Skip to main content

FCC Salutes Powell

First Dan Rather, now Federal Communications Commission chairman Michael Powell.

An emotional Powell bid farewell to his staff and fellow commissioners at his final FCC meeting as chairman Thursday, saying he had loved every day of it.

Perhaps, but he also took issue with the outside criticism of the commission by those who ascribed ulterior motives to public servants he said were just trying to do their jobs as best they could.

Government service is not lucrative, Powell said, but "it is the highest honor and greatest privilege." Powell, who will still be at the commission through next week, said he has not lined up a new job and is looking forward to some R&R in the Virgin islands.

The Bush administration is widely expected to name FCC Commissioner Kevin Martin when Powell exits.

The meeting was filled with agenda items, including a raft of items unanimously approved without comment. That was a symbol of unity that was not evident on many of the high-profile issues--most notably the FCC's ownership rule rewrite--over which he and the commission Democrats frequently butted heads.

But Commissioners Jonathan Adelstein and Michael Copps came not to bury Powell, but to praise him. Both conceded they had disagreed with the Chairman at times, but Copps pointed out that most of the work of the commission was on issues below the radar, where the disagreements were over applicability of rules and there was far more agreement than dissent.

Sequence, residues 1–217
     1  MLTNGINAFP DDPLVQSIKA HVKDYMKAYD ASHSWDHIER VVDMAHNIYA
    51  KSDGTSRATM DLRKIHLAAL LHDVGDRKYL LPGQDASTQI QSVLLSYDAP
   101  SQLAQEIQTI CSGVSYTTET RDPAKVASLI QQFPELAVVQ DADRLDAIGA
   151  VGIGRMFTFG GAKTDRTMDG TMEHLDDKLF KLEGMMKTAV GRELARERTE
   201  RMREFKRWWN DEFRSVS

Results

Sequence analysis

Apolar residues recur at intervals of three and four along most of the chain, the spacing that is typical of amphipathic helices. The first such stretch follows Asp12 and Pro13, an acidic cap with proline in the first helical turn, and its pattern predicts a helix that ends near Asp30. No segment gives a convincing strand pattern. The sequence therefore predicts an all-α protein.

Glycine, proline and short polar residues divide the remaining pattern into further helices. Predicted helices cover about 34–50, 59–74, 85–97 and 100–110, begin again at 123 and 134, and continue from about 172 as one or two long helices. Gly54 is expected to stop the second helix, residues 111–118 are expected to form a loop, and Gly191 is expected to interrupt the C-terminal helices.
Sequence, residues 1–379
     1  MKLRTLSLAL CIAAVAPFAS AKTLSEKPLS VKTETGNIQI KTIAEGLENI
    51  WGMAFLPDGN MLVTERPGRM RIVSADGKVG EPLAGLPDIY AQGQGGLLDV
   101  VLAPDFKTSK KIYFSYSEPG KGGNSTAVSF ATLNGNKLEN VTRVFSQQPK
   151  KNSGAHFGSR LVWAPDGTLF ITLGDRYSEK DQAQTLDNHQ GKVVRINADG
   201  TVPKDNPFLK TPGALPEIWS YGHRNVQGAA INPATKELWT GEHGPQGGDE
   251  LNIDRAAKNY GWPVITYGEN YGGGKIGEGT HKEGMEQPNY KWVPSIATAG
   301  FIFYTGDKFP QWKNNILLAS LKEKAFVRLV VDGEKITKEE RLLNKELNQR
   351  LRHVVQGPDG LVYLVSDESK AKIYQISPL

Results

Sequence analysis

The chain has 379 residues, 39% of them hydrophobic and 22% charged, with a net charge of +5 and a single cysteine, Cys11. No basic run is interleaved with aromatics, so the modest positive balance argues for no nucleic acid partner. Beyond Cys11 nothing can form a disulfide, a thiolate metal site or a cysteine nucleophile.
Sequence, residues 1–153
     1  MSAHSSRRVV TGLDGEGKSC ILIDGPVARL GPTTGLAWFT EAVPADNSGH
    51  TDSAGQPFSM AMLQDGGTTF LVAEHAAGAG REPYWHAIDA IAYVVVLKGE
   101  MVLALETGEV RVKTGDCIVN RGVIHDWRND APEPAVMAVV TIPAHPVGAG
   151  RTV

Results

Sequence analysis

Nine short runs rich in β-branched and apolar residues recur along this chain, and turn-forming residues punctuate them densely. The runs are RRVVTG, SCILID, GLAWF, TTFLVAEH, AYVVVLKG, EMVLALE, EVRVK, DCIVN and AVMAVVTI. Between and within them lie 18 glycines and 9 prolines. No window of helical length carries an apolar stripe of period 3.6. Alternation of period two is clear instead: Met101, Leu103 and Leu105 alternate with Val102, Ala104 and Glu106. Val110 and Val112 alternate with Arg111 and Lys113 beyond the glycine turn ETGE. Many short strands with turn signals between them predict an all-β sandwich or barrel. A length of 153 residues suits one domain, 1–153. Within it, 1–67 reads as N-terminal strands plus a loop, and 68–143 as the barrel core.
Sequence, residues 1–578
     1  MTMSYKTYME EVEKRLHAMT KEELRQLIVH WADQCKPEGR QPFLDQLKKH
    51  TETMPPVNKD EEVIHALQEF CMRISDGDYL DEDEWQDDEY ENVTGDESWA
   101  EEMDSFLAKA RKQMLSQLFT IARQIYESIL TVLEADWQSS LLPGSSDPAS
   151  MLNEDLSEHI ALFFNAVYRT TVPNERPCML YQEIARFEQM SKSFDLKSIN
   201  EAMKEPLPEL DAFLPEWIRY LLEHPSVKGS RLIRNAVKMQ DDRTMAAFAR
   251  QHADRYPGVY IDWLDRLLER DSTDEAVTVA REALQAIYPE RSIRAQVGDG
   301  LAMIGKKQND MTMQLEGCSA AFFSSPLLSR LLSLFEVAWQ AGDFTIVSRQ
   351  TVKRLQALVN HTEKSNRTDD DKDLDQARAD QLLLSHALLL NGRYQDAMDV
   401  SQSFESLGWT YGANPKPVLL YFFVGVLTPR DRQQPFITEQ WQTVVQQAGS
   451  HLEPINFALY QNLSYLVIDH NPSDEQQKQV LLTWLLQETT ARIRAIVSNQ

Copps used the opportunity of the collegiality remark to make another pitch for allowing all five commissioners to meet outside of formal meetings. Currently, sunshine laws do not allow more than two commissioners to meet.

Adelstein praised Powell a soldier at heart who had almost given his life for his country--he was seriously injured in an accident while in the Army. Adelstein said he knew the frequent travel often cause Powell pain, but that like the good soldier he never complained. Adelstein said it had been a privilege to serve with him.

Powell was praised by fellow Republicans Kathleen Abernathy and Martin as a broadband visionary and a force in the DTV transition. Appropriately, one of the items approved in the meeting was a change to the rules for development of cognitive, or so-called "smart," radios. Powell long has advocated the devices, which more effectively use spectrum by intuitively using only as much of the spectrum as they need at any given moment, as a way to more efficiently use a limited resource.

"Will all those in favor of me leaving signify by saying 'Aye,'" said Powell. And once again, there was dissent: His was the only "Aye."

Like Rather, Powell received a standing ovation from the room, and ended the session with hugs for all the commissioners.